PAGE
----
"Mean Girls" was released 10 years ago
Tina Fey says she drew on personal experiences
Amanda Seyfried has called it her "best work"
How many of you have felt victimized by a Regina George?
If you raised your hand, you can attest that even a decade later “Mean Girls” still holds up.
Whether it’s because Tina Fey’s script so authentically captures the high school experience or because of the multiple quote-worthy lines (admit it, you are glad “fetch” happened), the film about a group of teen girls who rule the school and the girl they sort of take under their wing is as popular now as it ever was.
“For the high-school genre, Fey’s hilarious script was unusually astute and provocative,” the Guardian said of the film in 2013. “Replicating teen doublespeak with brilliant authenticity, the dialogue was full of zingers, accounting for its continued life online.”
April 30 marks the 10-year anniversary of the now cult classic. Not only can the 2004 movie be seen in heavy rotation on cable stations, but thanks to Netflix anyone can enjoy the adventures of “the Plastics.” Social media has also fully embraced it with Tumblrs and trending hashtags devoted to the characters and their snappy dialogue.
Before gay rights were even being fully embraced, the movie offered up the loveable character of Damian, who was “too gay to function” and partial to singing Christina Aguilera’s songs in the school talent show. And for those who have witnessed the train wreck that has become the life and career of “Mean Girls” star Lindsay Lohan, it also serves as a bittersweet time capsule of the days when she was billed as one of the most promising young actresses of her generation.
Based on the 2002 nonfiction book “Queen Bees and Wannabes” by Rosalind Wiseman, actress and screenwriter Fey was able to find the funny in what is often the victimization of young women in school.
In the film, Cady Heron is a 16-year-old daughter of zoologist parents who moves from Africa to the United States and is enrolled in public school after having been home schooled. She quickly catches the attention of the Plastics, a clique of girls who indoctrinate her into their ways, including rules about what days to wear pink and the fact that “ex-boyfriends are off-limits to friends. That’s just, like, the rules of feminism.”
What follows is a war of manipulation, lies and revenge. Fey told The New York Times that it was all quite familiar.
“I revisited high school behaviors of my own — futile, poisonous, bitter behaviors that served no purpose,” Fey said. “That thing of someone saying ‘You’re really pretty’ and then, when the other person thanks them, saying, ‘Oh, so you agree? You think you’re pretty?’ That happened in my school. That was a bear trap.”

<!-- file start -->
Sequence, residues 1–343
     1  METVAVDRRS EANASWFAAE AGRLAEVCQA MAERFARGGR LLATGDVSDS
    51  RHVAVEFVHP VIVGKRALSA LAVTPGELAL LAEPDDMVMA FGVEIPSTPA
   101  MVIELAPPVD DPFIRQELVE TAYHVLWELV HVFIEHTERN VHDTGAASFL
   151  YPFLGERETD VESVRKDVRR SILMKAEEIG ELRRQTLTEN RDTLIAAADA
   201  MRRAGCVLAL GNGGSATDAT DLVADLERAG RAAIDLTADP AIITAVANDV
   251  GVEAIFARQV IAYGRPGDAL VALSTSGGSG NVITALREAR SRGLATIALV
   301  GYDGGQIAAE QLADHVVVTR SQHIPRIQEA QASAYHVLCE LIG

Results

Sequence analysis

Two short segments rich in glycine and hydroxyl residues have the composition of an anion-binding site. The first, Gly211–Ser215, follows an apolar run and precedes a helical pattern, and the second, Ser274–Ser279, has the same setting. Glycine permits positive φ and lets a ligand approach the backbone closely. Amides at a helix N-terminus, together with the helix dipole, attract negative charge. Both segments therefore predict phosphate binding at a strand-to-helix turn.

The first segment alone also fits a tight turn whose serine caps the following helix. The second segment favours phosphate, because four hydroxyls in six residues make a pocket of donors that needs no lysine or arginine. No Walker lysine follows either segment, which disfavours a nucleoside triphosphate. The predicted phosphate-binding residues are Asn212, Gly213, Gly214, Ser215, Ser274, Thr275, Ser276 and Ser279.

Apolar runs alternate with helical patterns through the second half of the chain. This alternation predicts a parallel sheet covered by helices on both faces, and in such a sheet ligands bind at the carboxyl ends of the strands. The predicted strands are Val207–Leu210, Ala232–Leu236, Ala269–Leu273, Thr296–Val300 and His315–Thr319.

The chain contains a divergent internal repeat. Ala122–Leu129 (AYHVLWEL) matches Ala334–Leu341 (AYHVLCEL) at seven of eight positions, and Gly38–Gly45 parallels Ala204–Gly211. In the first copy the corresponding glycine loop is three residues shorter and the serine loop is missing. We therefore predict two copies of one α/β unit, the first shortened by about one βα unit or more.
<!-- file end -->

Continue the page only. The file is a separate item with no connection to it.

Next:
In fact, “Mean Girls” has become a sort of cultural shorthand for Machiavellian-type machinations – as well as a favored pop culture reference. During the 2013 government shutdown, the “Mean Girls of Capitol Hill” Tumblr blog grew in popularity, and when Jennifer Lawrence won a 2013 People’s Choice Award, she said “I wish this was like ‘Mean Girls’ and I could just break this (award) up and throw it at all of you because you’re all responsible.”
The movie grossed just over $129 million worldwide and helped cement the career of Lohan and launch others, including Amanda Seyfried, who told the Los Angeles Times it was her “best work.”
“I look back and I’m like, ‘Really, I thought I was doing a terrible job,” Seyfried said. “But it was written so well and so wonderfully directed. (Director) Mark Waters made me look good; he made me funny. And Tina Fey wrote the coolest script of all time. I’m so grateful for every experience.”
The film is still so popular that news that a musical is in the works has been greeted with panting anticipation from diehard fans. In October 2013 (and no, not on October 3, the date that has significant meaning to Cady in the film), Fey’s husband, composer Jeff Richmond – who is scoring the musical – told Vulture that progress was being made in developing it.
So, while you wait, and in honor of “Mean Girls,” grab your Burn Book or whatever you use to trash people (around here we call it “the comments section”), sit back and maybe revisit the movie. Do it for Glen Coco.